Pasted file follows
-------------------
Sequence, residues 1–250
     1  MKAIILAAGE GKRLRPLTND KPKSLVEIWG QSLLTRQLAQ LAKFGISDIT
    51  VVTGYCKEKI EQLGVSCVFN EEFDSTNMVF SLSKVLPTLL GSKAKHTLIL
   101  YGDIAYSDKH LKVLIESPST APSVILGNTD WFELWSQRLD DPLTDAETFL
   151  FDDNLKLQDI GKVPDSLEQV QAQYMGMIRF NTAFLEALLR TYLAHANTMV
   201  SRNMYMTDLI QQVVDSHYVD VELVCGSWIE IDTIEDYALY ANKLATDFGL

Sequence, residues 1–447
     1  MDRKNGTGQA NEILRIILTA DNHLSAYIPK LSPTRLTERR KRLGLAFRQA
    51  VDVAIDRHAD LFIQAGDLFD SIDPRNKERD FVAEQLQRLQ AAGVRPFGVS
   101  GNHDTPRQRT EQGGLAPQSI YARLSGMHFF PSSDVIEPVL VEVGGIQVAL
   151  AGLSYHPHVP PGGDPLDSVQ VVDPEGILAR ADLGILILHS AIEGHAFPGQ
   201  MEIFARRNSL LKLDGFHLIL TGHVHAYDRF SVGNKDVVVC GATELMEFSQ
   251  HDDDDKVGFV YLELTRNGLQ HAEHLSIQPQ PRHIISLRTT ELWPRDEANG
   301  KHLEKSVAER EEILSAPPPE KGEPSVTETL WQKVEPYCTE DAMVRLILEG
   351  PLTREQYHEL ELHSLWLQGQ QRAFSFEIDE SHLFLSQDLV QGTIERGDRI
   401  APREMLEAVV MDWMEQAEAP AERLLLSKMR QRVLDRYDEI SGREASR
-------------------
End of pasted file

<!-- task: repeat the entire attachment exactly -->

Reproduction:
Sequence, residues 1–250
     1  MKAIILAAGE GKRLRPLTND KPKSLVEIWG QSLLTRQLAQ LAKFGISDIT
    51  VVTGYCKEKI EQLGVSCVFN EEFDSTNMVF SLSKVLPTLL GSKAKHTLIL
   101  YGDIAYSDKH LKVLIESPST APSVILGNTD WFELWSQRLD DPLTDAETFL
   151  FDDNLKLQDI GKVPDSLEQV QAQYMGMIRF NTAFLEALLR TYLAHANTMV
   201  SRNMYMTDLI QQVVDSHYVD VELVCGSWIE IDTIEDYALY ANKLATDFGL

Sequence, residues 1–447
     1  MDRKNGTGQA NEILRIILTA DNHLSAYIPK LSPTRLTERR KRLGLAFRQA
    51  VDVAIDRHAD LFIQAGDLFD SIDPRNKERD FVAEQLQRLQ AAGVRPFGVS
   101  GNHDTPRQRT EQGGLAPQSI YARLSGMHFF PSSDVIEPVL VEVGGIQVAL
   151  AGLSYHPHVP PGGDPLDSVQ VVDPEGILAR ADLGILILHS AIEGHAFPGQ
   201  MEIFARRNSL LKLDGFHLIL TGHVHAYDRF SVGNKDVVVC GATELMEFSQ
   251  HDDDDKVGFV YLELTRNGLQ HAEHLSIQPQ PRHIISLRTT ELWPRDEANG
   301  KHLEKSVAER EEILSAPPPE KGEPSVTETL WQKVEPYCTE DAMVRLILEG
   351  PLTREQYHEL ELHSLWLQGQ QRAFSFEIDE SHLFLSQDLV QGTIERGDRI
   401  APREMLEAVV MDWMEQAEAP AERLLLSKMR QRVLDRYDEI SGREASR